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Listen, here’s the deal: coffee is good for you. You know it, I know it, anyone who’s read a pop-science article about coffee knows it. The health benefits of coffee as well as the acceptable daily intake—it’s four cups—are not in question, by the scientific community or the layperson. (Unless you are one of those people who believes science has a “liberal agenda” or thinks that, oh I don’t know, wearing a mask isn’t necessary because leading scientists originally said not to and then changed their recommendations based upon new evidence, also known as EXACTLY HOW SCIENCE WORKS.)

So it isn’t exactly breaking when another study reconfirms that coffee is good for you, but I think we could all use a little good news these days so let’s take the easy win when it presents itself to us.

Good news! New research suggests that coffee is good for you!

Published recently in the New England Journal of MedicineCoffee, Caffeine, and Health is metastudy of previously published research on the healthfulness of coffee consumption. For the study, authors Rob M. van Dam, Ph.D., Frank B. Hu, MD, Ph.D., and Walter C. Willett, MD, DrPH examine 95 different studies—all of which I assume they found by doing a quick search for “science” on Sprudge—to “to assess what we currently know about the health effects of coffee,” per Insider.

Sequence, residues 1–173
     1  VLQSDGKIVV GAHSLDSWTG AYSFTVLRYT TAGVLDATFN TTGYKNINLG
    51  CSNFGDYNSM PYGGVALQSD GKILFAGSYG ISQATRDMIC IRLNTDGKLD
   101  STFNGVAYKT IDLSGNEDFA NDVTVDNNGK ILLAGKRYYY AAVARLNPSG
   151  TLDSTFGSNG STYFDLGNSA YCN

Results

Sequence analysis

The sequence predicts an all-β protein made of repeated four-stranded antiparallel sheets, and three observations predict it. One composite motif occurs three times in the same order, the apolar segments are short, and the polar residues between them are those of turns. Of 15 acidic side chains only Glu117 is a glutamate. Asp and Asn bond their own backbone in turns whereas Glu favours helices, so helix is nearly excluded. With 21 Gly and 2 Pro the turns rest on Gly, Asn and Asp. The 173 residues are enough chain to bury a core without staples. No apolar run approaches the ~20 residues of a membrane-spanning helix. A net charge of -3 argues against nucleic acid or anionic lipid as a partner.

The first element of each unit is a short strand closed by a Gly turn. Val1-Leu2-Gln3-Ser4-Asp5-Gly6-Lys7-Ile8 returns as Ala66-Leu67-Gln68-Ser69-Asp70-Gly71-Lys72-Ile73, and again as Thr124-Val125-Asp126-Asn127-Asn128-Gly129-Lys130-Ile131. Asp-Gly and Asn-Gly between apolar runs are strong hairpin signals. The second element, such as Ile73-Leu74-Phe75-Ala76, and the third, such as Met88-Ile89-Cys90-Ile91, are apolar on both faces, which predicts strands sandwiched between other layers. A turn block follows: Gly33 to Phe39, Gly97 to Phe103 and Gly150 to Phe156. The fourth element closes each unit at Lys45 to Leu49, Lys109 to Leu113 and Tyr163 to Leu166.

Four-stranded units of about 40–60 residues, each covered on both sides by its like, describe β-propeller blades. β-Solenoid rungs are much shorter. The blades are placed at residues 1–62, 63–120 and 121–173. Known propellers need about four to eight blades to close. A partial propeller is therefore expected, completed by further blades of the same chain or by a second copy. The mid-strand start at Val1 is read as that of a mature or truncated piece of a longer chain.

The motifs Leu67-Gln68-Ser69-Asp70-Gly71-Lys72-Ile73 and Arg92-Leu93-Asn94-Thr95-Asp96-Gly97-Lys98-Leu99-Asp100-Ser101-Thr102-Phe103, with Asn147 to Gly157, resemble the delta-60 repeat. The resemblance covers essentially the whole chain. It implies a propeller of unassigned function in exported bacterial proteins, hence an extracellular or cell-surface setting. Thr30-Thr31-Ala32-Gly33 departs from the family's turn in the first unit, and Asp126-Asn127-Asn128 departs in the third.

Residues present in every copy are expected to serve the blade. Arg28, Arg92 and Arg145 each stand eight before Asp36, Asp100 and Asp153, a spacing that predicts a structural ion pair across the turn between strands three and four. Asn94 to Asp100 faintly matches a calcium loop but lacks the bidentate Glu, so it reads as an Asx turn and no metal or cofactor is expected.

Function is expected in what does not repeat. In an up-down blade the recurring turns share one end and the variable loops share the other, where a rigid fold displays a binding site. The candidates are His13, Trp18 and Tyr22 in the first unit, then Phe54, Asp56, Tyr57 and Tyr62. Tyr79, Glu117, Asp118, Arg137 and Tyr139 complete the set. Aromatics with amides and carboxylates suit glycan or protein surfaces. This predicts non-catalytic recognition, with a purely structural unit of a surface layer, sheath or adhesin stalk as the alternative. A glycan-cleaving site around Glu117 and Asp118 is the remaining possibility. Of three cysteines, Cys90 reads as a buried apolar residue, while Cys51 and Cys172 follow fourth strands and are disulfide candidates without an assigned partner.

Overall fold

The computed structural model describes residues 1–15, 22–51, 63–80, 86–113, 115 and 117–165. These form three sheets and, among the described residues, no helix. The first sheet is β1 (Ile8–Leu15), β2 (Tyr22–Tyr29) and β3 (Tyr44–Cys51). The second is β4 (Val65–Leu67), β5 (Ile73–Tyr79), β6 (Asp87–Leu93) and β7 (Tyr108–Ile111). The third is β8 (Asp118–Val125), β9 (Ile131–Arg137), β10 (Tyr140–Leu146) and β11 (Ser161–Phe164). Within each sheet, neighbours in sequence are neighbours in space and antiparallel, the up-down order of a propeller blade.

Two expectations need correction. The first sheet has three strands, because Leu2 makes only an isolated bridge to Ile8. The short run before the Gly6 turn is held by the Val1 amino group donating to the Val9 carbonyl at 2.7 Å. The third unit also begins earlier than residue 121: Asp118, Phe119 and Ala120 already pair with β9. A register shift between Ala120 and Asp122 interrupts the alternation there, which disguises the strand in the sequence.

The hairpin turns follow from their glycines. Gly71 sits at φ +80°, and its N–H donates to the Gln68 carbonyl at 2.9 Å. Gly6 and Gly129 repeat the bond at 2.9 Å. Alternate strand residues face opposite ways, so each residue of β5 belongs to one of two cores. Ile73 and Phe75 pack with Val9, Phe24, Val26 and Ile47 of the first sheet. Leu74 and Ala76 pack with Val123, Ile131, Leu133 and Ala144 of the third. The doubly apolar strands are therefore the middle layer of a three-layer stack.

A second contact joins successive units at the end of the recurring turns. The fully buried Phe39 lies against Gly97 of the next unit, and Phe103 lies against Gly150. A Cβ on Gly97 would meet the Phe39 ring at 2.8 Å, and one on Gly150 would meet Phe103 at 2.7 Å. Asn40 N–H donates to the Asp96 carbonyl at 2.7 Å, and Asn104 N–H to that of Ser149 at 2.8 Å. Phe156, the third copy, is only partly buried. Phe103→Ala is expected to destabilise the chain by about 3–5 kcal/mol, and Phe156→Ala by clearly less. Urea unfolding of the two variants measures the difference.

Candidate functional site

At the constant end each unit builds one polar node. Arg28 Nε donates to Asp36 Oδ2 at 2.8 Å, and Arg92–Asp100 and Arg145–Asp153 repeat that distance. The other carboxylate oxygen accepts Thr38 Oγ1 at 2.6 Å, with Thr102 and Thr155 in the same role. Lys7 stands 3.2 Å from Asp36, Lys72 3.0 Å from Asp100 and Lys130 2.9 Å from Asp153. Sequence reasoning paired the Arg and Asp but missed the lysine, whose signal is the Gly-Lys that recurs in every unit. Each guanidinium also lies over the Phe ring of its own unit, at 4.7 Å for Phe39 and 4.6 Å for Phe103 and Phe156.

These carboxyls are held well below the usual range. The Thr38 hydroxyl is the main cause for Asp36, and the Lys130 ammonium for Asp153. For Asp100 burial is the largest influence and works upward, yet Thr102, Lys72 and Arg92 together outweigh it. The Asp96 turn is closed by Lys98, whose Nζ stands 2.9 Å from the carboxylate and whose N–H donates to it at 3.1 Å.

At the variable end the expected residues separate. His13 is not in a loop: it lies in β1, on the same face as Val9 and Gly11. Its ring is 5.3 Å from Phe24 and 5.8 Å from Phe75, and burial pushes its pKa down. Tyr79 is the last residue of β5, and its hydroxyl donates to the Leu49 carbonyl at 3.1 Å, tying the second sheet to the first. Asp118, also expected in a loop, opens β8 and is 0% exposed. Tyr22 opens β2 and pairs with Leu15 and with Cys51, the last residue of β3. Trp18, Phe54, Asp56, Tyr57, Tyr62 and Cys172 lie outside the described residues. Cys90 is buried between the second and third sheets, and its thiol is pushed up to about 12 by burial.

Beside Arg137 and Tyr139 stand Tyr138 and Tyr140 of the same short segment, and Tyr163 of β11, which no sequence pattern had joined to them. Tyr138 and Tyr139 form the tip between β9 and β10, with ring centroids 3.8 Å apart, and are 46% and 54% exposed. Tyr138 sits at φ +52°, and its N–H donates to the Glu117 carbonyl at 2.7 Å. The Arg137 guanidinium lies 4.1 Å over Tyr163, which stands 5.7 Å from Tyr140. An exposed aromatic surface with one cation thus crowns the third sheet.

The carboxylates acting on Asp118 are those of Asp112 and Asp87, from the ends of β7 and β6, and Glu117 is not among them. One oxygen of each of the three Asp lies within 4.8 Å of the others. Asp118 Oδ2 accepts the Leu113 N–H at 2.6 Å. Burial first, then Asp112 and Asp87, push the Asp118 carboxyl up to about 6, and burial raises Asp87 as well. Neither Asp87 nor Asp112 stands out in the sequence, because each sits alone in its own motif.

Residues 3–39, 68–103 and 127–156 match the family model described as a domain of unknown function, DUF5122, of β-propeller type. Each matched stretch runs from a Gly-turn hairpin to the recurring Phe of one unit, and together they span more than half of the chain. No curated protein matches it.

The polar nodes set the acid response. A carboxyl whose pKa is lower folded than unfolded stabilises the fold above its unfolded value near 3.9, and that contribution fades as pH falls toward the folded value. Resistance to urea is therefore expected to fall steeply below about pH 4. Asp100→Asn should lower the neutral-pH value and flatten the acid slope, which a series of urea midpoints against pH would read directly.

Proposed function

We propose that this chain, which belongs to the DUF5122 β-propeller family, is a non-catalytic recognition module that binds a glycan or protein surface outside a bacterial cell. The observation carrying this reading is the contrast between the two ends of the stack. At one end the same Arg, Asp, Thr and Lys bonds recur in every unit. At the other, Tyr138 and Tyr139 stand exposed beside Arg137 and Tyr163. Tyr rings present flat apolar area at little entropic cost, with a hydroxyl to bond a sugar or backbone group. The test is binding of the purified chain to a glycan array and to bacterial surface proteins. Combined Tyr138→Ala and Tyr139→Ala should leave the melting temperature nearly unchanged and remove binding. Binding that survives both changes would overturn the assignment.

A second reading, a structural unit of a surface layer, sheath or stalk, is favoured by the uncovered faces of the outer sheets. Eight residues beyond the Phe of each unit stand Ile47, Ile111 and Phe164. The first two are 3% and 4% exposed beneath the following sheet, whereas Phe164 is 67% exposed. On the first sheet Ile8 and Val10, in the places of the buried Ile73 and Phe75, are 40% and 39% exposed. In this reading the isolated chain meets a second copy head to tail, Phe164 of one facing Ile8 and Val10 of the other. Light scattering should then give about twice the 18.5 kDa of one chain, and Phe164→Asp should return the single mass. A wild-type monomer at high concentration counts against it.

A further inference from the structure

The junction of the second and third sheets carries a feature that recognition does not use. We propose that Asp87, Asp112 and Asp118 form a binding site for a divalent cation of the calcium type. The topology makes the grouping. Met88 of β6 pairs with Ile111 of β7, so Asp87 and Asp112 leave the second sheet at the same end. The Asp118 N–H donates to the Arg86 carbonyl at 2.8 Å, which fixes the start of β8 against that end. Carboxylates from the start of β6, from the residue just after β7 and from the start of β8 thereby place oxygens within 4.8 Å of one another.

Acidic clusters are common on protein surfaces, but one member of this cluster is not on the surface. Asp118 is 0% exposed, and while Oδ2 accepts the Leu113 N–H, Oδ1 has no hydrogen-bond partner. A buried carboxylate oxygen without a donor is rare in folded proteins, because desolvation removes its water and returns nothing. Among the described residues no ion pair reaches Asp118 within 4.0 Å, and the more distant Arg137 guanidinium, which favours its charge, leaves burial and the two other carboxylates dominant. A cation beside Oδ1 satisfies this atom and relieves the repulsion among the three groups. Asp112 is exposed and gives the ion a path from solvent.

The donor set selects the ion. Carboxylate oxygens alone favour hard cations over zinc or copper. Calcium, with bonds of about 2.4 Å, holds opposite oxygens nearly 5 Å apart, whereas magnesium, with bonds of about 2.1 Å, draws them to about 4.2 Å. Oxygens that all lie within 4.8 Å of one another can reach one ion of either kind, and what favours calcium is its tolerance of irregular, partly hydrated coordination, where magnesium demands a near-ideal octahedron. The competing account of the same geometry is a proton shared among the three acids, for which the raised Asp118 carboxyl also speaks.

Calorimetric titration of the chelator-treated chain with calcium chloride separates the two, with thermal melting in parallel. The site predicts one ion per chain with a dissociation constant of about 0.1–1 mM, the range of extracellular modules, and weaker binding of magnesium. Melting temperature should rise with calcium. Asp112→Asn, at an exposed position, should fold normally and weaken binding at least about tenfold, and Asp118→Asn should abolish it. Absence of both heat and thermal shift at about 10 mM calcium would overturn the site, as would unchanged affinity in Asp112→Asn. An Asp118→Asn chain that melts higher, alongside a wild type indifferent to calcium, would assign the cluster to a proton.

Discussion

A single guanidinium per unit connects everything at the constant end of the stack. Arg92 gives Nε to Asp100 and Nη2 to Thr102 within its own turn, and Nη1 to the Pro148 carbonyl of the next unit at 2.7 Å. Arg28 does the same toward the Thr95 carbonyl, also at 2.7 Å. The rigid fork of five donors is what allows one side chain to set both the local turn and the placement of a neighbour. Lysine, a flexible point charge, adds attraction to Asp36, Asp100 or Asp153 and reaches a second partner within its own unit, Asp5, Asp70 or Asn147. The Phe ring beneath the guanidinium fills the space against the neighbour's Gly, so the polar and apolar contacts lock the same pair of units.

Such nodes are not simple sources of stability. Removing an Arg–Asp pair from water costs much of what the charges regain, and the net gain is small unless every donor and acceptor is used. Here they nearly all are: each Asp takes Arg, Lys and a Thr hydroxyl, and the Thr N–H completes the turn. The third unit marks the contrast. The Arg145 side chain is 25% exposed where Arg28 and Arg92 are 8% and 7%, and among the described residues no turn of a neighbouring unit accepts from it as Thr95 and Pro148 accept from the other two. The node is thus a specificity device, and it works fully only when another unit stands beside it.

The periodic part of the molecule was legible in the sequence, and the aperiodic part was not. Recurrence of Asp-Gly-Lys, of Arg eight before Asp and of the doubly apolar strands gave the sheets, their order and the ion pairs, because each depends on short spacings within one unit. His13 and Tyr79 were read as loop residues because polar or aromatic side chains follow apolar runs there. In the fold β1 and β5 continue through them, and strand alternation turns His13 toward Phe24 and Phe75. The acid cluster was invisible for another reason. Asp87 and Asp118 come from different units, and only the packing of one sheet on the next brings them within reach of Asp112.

In their study, van Dam et al found the benefits of coffee to be many. As noted by Insider, the positive effects of coffee consumption include a lower risk of obesityincreased mental focus, a decreased risk of Parkinson’slower instances of depression and suicide, lower risks of “many chronic illnesses such as cardiovascular diseaseliver diseasebreast cancerprostate cancer,” and a decreased risk of skin cancer.

Researchers weren’t able to confirm what exactly is the cause of the many health benefits associated with drinking coffee, but leading candidates include caffeine (duh) and polyphenols, “which could reduce inflammationimprove gut bacteria, boost metabolism, and moderate blood sugar.”

Overall, as noted by Insider, coffee drinkers just plain live longer.

Ultimately, this and other studies have found that, if ever a panacea were to exist, coffee would be it. And I’m just the sort of snake oil salesman to peddle it. Have I ever told you about all the many and wondrous uses of coffee byproducts?



Zac Cadwalader is the managing editor at Sprudge Media Network and a staff writer based in Dallas. Read more Zac Cadwalader on Sprudge.

Top image © Adobe Stock

Source: Sprude


Translator: 43 Factory Coffee Roaster

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